Early on into the web broadcast, the stars realize that Freddie is setting them up. He has planted various props like a highchair with handcuffs attached to it to amp up the scare factor. And in possibly the dumbest scene, he dresses up like Michael Myers and confronts the real Michael Myers. Freddie thinks this is one of his cameramen trying to rain on his parade, so he scolds him profusely, and Michael actually turns around and walks away. What the fuck?

Another subplot involves Nora’s high school web buddy, who is at a costume party watching the event on the web. When he realizes that Nora is in real trouble, they start texting each other back and forth, so he can try and help her escape. No one will be sitting during the exciting texting sequences.

The funniest thing about the whole retarded mess of a film though is the Myers’ house itself. In the first film it looks like a fairly normal sized house on the outside and even what they show you from the interior. It’s two stories, probably has three bedrooms, maybe four. In Resurrection we find out it also has an attic that appears to have multiple rooms in it, and even a freaking dungeon. A dungeon. I tell you, I really couldn’t make this shit up if I tried.

Rick Rosenthal returns to the directing chair, he also directed Part II, and he’s got to take some of the blame here. He showed in his first outing of the series that he could at least maintain some of the atmosphere that Carpenter created, but not here. There is nothing in this film that even remotely resembles the Halloween world with the exception of a guy by the name of Michael Myers running around.

The finale is ludicrous with Busta Rhymes karate chopping Michael, who all of a sudden forgot how to fight back and also lost all of his superhuman strength. If he could bust through a concrete structure, then how is Busta still standing after a few punches to the face? There’s another fire as well, which Rosenthal did a much better job with in the finale of Halloween II. Michael even cowers away from the fire, like all of a sudden the writers decided to throw in a fear of flames, but the juvenile script doesn’t even attempt to set this nuance up for us. Go figure.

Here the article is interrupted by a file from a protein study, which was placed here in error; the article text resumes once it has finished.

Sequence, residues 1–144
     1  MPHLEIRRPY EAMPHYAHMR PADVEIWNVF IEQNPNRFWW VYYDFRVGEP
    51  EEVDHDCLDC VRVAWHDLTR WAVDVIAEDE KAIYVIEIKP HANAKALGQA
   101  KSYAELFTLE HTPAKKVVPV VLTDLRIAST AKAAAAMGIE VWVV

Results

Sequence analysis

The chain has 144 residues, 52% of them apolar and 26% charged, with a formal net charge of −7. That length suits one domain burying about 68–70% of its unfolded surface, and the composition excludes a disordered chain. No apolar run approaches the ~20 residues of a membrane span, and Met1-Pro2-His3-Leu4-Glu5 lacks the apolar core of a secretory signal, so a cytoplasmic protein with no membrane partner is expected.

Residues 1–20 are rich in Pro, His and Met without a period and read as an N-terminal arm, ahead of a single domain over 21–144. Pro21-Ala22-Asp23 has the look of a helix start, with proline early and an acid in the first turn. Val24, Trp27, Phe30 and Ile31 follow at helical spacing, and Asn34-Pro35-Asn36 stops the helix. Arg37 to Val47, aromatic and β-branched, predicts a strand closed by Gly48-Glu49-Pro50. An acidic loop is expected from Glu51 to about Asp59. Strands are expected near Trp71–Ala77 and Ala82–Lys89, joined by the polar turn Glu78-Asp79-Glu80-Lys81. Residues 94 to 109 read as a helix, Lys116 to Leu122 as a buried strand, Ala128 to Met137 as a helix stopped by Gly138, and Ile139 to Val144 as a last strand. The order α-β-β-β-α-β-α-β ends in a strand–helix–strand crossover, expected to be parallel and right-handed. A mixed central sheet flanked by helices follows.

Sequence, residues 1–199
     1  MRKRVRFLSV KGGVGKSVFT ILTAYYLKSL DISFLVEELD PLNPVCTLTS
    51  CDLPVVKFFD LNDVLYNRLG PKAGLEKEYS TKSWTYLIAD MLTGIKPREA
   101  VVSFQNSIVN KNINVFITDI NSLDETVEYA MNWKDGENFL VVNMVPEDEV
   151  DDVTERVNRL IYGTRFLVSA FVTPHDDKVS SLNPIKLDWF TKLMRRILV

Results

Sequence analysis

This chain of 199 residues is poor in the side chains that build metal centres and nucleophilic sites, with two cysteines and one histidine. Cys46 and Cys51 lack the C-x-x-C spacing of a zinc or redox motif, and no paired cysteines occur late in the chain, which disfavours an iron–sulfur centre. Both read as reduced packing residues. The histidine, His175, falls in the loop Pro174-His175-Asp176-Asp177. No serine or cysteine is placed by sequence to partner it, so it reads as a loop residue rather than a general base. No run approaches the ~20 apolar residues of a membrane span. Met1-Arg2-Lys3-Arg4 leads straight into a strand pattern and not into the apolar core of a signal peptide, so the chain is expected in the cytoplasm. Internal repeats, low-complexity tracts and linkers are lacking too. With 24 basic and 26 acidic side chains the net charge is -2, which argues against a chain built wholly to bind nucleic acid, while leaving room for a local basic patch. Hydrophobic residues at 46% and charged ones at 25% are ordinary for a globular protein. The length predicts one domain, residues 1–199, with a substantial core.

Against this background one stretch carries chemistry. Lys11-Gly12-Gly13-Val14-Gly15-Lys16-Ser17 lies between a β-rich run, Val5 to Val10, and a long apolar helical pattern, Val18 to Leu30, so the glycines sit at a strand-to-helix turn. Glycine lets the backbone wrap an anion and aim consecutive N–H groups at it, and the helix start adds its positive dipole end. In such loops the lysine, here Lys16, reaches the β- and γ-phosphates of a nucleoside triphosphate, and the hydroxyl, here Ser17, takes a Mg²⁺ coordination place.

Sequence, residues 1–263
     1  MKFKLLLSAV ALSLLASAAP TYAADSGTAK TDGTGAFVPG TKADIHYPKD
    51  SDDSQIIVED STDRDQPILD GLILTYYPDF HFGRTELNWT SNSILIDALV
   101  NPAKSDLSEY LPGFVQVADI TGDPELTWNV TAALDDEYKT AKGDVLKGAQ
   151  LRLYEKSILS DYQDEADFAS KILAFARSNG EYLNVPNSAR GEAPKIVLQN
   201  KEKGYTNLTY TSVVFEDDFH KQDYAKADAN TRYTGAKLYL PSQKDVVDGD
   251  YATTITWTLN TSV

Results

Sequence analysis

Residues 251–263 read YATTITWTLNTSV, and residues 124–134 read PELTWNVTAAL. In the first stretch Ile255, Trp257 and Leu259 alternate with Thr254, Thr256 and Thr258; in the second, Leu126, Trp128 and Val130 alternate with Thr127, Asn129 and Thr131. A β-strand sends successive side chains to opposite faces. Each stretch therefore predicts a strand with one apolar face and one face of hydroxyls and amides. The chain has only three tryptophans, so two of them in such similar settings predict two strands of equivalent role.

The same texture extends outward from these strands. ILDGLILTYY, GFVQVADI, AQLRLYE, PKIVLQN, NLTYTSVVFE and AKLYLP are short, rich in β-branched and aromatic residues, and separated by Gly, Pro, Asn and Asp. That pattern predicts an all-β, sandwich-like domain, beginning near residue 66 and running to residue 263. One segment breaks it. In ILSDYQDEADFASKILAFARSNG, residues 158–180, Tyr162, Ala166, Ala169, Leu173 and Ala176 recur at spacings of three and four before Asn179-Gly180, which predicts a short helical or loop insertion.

There are bad films, and then there is Halloween: Resurrection, a film that has absolutely nothing resembling a successful sequence in its entire 90-minute runtime. Seriously, there is nothing here to recommend. It’s not scary, the story isn’t interesting, the actors all give awful performances, and even Michael is a shell of his former self. Awful, I tell you, truly awful.

Follows: Halloween H20: Twenty Years Later

Next: Halloween (2007) (review by The Projectionist) 


Sam Loomis


Comment from The Projectionist
Time: October 24, 2007, 1:09 pm

That seems to be a recurring thing with the latter Halloween films; introducing a psychic connection and then going nowhere. It began with Halloween 4 and all the studio and creative changes lost a lot of continuity. I think I hated this more than Halloween III. Those two are definitely the most ridiculous of the series, but I guess you can have more fun with the third installment than this one.

Comment from Sam Loomis
Time: October 24, 2007, 5:08 pm

Until I watched all these back to back, I had never realized the “Psychic Connection” story thread throughout the latter films. If I had to rank them; the Original would obviously be 1st and then 2)Halloween 4, 3) Halloween II, 4) Halloween III, 5) Halloween 5, 6) Halloween H20, 7)Halloween:Curse of MM,8) Halloween (2007), 9) Halloween: Resurrection. But understand, Part 4 is a distant second from the original, and the only reason I stick the remake ahead of “Resurrection” is because the remake didn’t have Busta Rhymes doing karate. So, not a whole lot seperating these babies.

I think the lesson I’ve learned is that really watching past the original can just lead to mental illness. I’m going back to sit in my corner and draw stick figures with afros and knives now. Good bye.